Mortgage rates have risen for the third week in a row, with Freddie Mac's survey of lenders pegging the average 30-year fixed-rate home loan at 3.59%, up from 3.51% last week.
Fixed-rate 15-year mortgages -- popular during a recent boom in homeowners refinancing their mortgages -- averaged 2.77%, up from 2.69%, Freddie Mac said Thursday.
Borrowers would have paid lenders 0.7% of the loan amount on average to obtain the rates, according to the survey, which asks lenders about the terms they are offering to rock-solid borrowers.
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Mortgage rates have risen about a quarter of a percentage point above last fall’s record lows, which "may slow some of the refinance momentum," said Frank Nothaft, Freddie Mac’s chief economist.
“Rates are nonetheless low and home-buyer affordability high, which should further aid home sales and construction in coming weeks,” Nothaft said in a news release.
The yield on the 10-year Treasury note, a benchmark for mortgage rates, closed above 2% Wednesday for the first time since March 15.
The increase came in reaction to the release of minutes from an April 30-May 1 Federal Reserve meeting on interest-rate policy.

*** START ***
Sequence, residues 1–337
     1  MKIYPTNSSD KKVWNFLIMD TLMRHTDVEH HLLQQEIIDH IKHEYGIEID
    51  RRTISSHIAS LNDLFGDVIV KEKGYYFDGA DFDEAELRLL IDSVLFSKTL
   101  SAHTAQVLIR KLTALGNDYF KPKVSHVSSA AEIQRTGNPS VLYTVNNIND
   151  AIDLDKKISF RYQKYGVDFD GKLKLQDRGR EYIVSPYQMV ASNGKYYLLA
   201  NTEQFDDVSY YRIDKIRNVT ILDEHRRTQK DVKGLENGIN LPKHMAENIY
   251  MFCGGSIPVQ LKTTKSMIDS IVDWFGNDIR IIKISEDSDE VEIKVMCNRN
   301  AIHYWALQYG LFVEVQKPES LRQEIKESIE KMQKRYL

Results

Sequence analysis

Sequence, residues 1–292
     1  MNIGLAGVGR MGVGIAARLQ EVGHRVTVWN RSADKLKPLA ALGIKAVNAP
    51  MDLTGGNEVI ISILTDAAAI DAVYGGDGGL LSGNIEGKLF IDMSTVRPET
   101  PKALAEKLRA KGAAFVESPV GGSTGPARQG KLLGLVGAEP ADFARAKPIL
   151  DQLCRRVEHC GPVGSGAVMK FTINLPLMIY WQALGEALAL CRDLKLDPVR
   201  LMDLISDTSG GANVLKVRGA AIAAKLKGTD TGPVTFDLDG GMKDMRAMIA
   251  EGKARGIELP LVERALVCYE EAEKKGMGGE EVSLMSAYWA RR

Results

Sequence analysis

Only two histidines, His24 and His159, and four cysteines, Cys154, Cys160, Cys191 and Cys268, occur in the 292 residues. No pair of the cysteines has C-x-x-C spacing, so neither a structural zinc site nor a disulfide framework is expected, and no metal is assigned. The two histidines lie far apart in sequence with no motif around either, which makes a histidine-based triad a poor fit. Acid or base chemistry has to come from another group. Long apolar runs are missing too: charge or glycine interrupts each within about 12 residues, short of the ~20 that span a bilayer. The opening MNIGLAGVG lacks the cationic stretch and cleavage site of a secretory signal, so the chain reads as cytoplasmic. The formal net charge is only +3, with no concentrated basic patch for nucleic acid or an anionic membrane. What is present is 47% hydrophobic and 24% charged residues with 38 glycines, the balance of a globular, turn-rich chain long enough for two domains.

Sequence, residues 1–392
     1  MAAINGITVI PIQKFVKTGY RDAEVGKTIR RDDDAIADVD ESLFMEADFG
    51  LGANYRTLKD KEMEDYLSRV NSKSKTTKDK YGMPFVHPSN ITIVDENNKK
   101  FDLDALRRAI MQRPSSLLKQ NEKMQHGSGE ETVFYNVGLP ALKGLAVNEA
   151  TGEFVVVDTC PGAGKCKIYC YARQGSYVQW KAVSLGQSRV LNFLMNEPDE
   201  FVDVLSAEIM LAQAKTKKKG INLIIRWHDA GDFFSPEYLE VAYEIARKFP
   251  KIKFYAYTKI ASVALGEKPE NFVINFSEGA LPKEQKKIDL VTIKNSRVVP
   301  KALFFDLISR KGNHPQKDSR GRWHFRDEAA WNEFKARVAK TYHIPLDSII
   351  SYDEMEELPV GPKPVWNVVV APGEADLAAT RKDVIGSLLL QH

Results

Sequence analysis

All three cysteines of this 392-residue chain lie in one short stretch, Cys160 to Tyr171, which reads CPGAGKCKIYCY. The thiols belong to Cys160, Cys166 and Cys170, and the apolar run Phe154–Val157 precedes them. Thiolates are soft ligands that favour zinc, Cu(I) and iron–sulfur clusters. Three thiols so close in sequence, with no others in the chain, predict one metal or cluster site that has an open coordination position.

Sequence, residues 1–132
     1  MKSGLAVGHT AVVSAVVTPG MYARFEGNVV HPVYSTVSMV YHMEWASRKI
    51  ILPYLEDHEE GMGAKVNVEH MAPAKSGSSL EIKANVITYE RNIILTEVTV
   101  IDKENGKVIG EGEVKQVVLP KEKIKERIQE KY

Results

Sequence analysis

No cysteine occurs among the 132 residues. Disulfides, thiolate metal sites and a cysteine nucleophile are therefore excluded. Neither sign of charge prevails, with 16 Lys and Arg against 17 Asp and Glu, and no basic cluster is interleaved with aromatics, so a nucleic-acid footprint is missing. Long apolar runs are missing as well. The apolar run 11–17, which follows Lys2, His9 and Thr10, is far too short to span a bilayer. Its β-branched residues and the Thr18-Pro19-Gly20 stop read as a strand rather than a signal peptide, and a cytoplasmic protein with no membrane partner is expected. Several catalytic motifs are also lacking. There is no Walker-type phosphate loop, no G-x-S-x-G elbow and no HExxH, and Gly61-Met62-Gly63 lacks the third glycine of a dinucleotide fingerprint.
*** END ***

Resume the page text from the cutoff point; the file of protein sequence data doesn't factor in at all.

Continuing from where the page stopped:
The notes showed some Fed officials were willing to start cutting back on a bond-buying program as early as June if the economic recovery strengthens.
The program involves buying $85 billion per month in Treasury bonds and mortgage-backed securities to keep rates low as a stimulus to the economy.
In testimony to Congress on Wednesday, Fed Chairman Ben Bernanke said the central bank will continue the stimulus until the outlook for the labor market improves “substantially."
But pressed for more specifics, Bernanke didn't rule out cutting back on bond purchases by the end of the summer.
U.S. 30-year mortgage rate data by YCharts
New home sales climb
Low rates spur 15-year mortgage borrowing
Some Fed officials open to cutting stimulus by June